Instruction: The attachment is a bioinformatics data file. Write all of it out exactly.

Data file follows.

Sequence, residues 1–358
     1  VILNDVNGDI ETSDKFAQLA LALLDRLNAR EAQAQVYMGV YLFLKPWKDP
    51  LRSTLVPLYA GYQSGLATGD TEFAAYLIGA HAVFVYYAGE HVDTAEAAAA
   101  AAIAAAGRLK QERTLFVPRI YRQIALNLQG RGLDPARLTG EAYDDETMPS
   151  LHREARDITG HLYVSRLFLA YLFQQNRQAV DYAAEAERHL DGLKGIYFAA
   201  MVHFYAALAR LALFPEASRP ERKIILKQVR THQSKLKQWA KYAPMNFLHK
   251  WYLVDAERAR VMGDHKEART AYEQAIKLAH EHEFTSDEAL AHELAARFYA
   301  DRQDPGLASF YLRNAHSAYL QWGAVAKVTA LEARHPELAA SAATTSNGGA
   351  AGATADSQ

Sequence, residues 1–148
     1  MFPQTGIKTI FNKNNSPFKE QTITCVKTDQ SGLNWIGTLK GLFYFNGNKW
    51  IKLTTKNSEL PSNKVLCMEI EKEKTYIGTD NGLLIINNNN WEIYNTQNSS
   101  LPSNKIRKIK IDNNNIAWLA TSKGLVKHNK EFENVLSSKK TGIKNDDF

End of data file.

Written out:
Sequence, residues 1–358
     1  VILNDVNGDI ETSDKFAQLA LALLDRLNAR EAQAQVYMGV YLFLKPWKDP
    51  LRSTLVPLYA GYQSGLATGD TEFAAYLIGA HAVFVYYAGE HVDTAEAAAA
   101  AAIAAAGRLK QERTLFVPRI YRQIALNLQG RGLDPARLTG EAYDDETMPS
   151  LHREARDITG HLYVSRLFLA YLFQQNRQAV DYAAEAERHL DGLKGIYFAA
   201  MVHFYAALAR LALFPEASRP ERKIILKQVR THQSKLKQWA KYAPMNFLHK
   251  WYLVDAERAR VMGDHKEART AYEQAIKLAH EHEFTSDEAL AHELAARFYA
   301  DRQDPGLASF YLRNAHSAYL QWGAVAKVTA LEARHPELAA SAATTSNGGA
   351  AGATADSQ

Sequence, residues 1–148
     1  MFPQTGIKTI FNKNNSPFKE QTITCVKTDQ SGLNWIGTLK GLFYFNGNKW
    51  IKLTTKNSEL PSNKVLCMEI EKEKTYIGTD NGLLIINNNN WEIYNTQNSS
   101  LPSNKIRKIK IDNNNIAWLA TSKGLVKHNK EFENVLSSKK TGIKNDDF